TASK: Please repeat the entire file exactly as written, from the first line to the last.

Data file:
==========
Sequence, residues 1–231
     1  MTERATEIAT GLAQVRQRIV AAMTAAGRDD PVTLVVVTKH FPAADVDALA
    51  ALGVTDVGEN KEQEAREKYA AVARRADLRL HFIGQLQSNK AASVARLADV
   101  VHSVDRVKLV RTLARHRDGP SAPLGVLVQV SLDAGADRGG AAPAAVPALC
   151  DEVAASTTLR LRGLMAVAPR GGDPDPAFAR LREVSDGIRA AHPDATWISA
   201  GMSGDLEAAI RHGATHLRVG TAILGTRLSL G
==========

Sequence, residues 1–231
     1  MTERATEIAT GLAQVRQRIV AAMTAAGRDD PVTLVVVTKH FPAADVDALA
    51  ALGVTDVGEN KEQEAREKYA AVARRADLRL HFIGQLQSNK AASVARLADV
   101  VHSVDRVKLV RTLARHRDGP SAPLGVLVQV SLDAGADRGG AAPAAVPALC
   151  DEVAASTTLR LRGLMAVAPR GGDPDPAFAR LREVSDGIRA AHPDATWISA
   201  GMSGDLEAAI RHGATHLRVG TAILGTRLSL G